1.3. How to make the Dream Reality

Create small regions of about 100 sq. arcmin sort all objects within these regions by magnitude create an histogram index of these regions, i.e., pointer to first object and number of objects within a magnitude bin. That means less than 30 pointer pairs per region. The last two steps are straightforward but how can the first step be done? There are several ways to create such regions. The HTM or QTM methods (Hierarchical Triangular Mesh, Quaternary Triangular Mesh) is used in the SDSS (Brunner et al. 1994) and GSC-II projects and have already been described at the ADASS (Barrett 1995). In the same paper the `Bit-Interleaving' method has been proposed for storing astronomical data. Here we describe our experience with `Bit-Interleaving' and its easy and fast implementation. Bit-Interleaving is just taking the bits of two numbers and creating a new number where every odd bit stems from the first number and every even bit from the second number, i.e., the bits are like the teeth in a zip. The resulting number may be used to sort the catalog in a one-dimensional manner. If the first 14 bits of the bit-interleaved coordinates (in long integer representation) are used as an index, this creates regions of about 71 sq. arcmin. In other words all objects having the same first 14 bits of their bit-interleaved coordinates will be assigned to one region. As already mentioned before the objects in one region may be sorted according to the rest of the bit-interleaved coordinates or, alternatively by magnitudes or any other parameter. The first will produce a hierarchy of subregions, the latter will give the possibility to access the catalog in the magnitude domain. We would like to mention here the possibility of building real multi-dimensional structures and indexes, like X (Berchtold et al. 1996), R (Brinkhoff et al., 1996), R* (Beckmann et al., 1990) or k-d-trees (various tree structures and comparisons given in the papers of White et al.). However some of these index-structures are hard to build and they slow down the access to the primary key.

2. Testing Bit Interleaving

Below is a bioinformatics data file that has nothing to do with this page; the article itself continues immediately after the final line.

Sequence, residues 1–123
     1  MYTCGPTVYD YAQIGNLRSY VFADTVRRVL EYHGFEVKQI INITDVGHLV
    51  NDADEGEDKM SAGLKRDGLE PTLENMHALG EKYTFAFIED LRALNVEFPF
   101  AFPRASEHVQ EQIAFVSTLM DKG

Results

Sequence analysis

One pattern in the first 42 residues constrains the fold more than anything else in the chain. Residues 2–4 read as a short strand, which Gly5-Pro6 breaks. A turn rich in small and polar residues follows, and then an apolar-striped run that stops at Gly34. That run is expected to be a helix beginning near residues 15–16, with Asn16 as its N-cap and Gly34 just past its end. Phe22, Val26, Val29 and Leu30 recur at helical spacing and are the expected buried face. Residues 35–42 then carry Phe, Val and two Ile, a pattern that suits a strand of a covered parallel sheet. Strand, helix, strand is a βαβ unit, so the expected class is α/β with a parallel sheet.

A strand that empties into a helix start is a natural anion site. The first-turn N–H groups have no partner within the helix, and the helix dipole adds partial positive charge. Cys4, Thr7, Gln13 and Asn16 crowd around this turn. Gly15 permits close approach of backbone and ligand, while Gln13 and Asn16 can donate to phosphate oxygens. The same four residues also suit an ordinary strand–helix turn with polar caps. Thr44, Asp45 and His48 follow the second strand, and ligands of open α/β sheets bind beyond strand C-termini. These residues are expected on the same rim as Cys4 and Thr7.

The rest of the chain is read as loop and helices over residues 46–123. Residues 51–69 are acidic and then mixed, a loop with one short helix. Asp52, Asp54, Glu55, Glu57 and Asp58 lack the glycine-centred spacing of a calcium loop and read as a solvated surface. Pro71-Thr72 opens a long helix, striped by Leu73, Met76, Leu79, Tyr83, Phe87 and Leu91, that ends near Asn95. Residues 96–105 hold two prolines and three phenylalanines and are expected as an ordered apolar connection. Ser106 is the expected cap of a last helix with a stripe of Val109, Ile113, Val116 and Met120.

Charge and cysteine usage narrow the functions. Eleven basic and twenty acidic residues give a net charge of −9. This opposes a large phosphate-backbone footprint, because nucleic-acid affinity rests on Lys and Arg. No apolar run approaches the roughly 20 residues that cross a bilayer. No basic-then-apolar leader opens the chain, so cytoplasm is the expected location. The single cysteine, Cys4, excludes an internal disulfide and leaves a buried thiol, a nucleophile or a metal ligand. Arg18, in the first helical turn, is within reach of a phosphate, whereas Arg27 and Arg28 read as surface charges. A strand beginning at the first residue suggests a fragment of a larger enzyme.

We have carried out tests using the complete Hipparcos catalog containing about 120.000 objects all over the sky. All code has been written in IDL. The catalog has been accessed through a disk copy (Sun) and directly from the CD (PC). Even in the worst case, a PC with dual-speed CD-ROM drive, it took only about 15 minutes to produce the whole structure.

3. The Future

It is planned to use an advanced catalog structure/sorting for the export version of the GSC-II catalog. This structure might either be a copy of the HTM structure used in the GSC-II database or a structure produced by bit-interleaving. The export catalog will be produced in a collaboration between STScI and ESO. We will also produce a bit-interleaved version of the USNO-A1.0 catalog to test the concepts described above.


P. Barrett, 1995, Application of the Linear Quadtree to Astronomical Databases, in Astronomical Data Analysis Software and Systems IV, ASP Conf. Ser., Vol. 77, eds. R. A. Shaw, H. E. Payne & J. J. E. Hayes (San Francisco, ASP), 472

David A. White - Shankar Chatterjee - Ramesh Jain, Similarity Indexing for Data Mining Applications

David A. White - Shankar Chatterjee - Ramesh Jain, Similarity Indexing: Algorithms and Performance, http://vision.ucsd.edu/papers/sindexalg/

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Figure 1: Tessellation of the sky using RA and DEC

Figure 2: Illustration of a 3-D tessellation using direction cosines

© Copyright 1998 Astronomical Society of the Pacific, 390 Ashton Avenue, San Francisco, California 94112, USA